A festive fervor is sweeping across India, from Durga puja in the east to Navratri in the west, both worshipping the Hindu goddess Durga. There are colorful Durga puja pandals (temporary structures) in neighborhoods and late night Navratri dandi dances on the streets. And south Indians are thronging to temples of Saraswathi and Lakshmi. The week-long festivity culminates in the goddess slaying a demon on Vijaydashami or Dussehra, which falls on October 11 this year. This will be followed 18 days later by the festival of lights, Diwali.
Religious occasions are a cultural extravaganza in India, where community, drama, and festival cuisine are as much a draw as the gods and goddesses. It’s also a time for shopping, gifting, and refurbishing.
We’re used to seeing ecommerce sites rolling out festival sales during this time, much like the Christmas shopping season in the US or Singles’ Day in China. Amazon and local rival Flipkart both claimed over 15 million units were sold in their five-day special sales before Dussehra, and an even bigger sale can be expected before Diwali. Xiaomi claimed to have sold half a million phones in three days.
Niche shopping sites and on-demand services, especially food delivery, also have deals on offer. But it’s not just the ecommerce and on-demand players cashing in. Religious and spiritual activities in India are a multitude and go on round the year. A range of startups have sprung up to cater to this market estimated to be worth US$40 billion.
OnlinePrasad, for example, delivers prasad (food blessed by gods) from over 50 of the biggest temples around the country. Shubhpuja will send a pundit (priest) and everything else required to conduct a puja (prayer) ritual at home, office, or pandal. There’s also ePuja which conducts pujas online, makes offerings to the gods on behalf of devotees, and finally delivers the prasad from temples to their homes.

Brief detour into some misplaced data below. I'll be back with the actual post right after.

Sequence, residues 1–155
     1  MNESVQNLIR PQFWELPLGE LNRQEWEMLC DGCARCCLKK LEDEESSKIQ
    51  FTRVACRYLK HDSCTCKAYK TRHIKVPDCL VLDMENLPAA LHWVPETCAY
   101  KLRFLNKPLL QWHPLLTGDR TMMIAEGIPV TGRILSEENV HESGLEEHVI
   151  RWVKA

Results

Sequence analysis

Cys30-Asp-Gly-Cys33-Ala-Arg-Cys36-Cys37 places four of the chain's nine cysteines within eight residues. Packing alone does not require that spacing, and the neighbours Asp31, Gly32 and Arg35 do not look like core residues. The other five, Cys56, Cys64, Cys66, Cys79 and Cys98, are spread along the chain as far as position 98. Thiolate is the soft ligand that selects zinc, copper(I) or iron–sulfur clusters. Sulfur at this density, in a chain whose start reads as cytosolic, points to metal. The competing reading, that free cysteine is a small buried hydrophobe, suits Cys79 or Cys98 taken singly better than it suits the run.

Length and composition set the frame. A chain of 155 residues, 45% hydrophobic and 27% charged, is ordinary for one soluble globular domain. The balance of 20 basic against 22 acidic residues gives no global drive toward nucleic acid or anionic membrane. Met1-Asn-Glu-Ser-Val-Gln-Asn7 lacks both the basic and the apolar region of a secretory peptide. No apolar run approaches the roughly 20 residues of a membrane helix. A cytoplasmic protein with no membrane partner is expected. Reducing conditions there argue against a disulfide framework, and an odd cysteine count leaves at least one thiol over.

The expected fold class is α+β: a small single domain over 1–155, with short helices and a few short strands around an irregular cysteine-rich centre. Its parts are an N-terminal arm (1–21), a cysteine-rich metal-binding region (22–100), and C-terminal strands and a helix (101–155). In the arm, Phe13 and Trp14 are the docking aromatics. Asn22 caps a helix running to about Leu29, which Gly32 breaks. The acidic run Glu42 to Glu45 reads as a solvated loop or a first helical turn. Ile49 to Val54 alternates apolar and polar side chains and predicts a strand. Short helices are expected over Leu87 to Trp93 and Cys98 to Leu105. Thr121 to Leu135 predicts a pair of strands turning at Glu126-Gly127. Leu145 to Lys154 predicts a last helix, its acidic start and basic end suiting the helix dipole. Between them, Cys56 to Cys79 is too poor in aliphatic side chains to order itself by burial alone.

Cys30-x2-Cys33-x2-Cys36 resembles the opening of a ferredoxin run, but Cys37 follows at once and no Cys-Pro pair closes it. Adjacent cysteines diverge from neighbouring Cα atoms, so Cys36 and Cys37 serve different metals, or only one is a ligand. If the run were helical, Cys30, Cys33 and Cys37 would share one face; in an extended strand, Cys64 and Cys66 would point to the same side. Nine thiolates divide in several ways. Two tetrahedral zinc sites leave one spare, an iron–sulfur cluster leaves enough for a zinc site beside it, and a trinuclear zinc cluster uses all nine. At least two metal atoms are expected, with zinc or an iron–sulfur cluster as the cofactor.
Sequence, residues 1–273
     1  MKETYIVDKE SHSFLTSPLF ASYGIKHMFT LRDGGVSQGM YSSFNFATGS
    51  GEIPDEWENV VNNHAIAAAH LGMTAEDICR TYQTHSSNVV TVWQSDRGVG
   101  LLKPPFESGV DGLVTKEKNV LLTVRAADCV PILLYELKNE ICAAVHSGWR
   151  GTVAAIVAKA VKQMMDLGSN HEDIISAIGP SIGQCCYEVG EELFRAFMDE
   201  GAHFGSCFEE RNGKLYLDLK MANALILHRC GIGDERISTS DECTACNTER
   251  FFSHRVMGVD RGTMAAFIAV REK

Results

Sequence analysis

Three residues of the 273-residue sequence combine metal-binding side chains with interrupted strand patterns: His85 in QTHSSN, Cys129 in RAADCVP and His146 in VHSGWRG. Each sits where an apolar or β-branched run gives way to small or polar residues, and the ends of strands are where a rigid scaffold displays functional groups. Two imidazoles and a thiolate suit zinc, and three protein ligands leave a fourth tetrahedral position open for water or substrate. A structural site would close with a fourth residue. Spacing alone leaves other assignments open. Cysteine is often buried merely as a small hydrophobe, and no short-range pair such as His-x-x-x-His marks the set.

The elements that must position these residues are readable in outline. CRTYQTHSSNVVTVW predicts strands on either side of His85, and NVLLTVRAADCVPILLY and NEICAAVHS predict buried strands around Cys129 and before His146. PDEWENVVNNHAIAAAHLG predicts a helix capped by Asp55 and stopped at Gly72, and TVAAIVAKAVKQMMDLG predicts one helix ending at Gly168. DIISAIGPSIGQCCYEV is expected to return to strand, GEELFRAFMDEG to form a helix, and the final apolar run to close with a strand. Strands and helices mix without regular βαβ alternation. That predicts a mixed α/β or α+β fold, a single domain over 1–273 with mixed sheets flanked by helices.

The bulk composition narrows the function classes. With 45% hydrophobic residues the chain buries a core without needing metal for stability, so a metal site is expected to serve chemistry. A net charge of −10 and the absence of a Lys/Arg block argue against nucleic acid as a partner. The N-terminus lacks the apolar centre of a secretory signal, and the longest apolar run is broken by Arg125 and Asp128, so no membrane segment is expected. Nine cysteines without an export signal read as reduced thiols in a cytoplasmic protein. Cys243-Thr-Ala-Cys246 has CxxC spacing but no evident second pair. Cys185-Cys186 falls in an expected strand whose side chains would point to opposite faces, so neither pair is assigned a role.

To some it may not make sense to do something as personal and spiritual as a communion with god online. But many, including the huge Indian diaspora in the US, Singapore, and other countries, find these online services useful to remain in touch with their temples and religious roots back home. Some even subscribe to monthly deliveries of prasad from temples to make sure they are on the good side of the gods. My parents subscribe to monthly deliveries of holy ash – bhasmam – from the famous temple of Chidambaram, which we apply on our foreheads during prayers.
Bangalore-based event services marketplace Eventosaur has been doing brisk business supplying priests on-demand for pujas in homes and offices. “Depending on their community, people ask for specific priests,” co-founder and CEO Nikhil Jois tells me. For example, Marwadis ask for Rajasthani priests, Marathis need chit-pawan brahmin priests, Konkinis demand goud saraswat pujari, and so on.
Last year, around this time, Nkhil was in a fix when someone asked Eventosaur for a Bengali priest for ashtami pujo at short notice. “I managed to find one through a Rajasthani priest who’s been working with us,” he says. These days, a lot of startups have been using their services for in-house puja when they open a new office. House-warming pujas are also much in demand.
Travel portals like MakeMyTrip have pilgrimage packages for religious tourists traveling to India’s many spiritual destinations. There’s also MyHolyTour which focuses entirely on this segment, with connections to hundreds of religious and spiritual places.
And lastly, there are of course ecommerce sites specializing in puja merchandise, from idols and lamps to incense sticks, prasad, and innumerable other materials needed for the rituals of the many religious sects in India. Pujashoppe is one such marketplace, and inevitably there’s also the Flipkart of the spiritual domain, Shubhkart.
The startup culture of India’s Silicon Valley, Bangalore, may be oriented more towards pubs than pujas. But that doesn’t stop the techies from mixing religion with business to offer prayers on demand.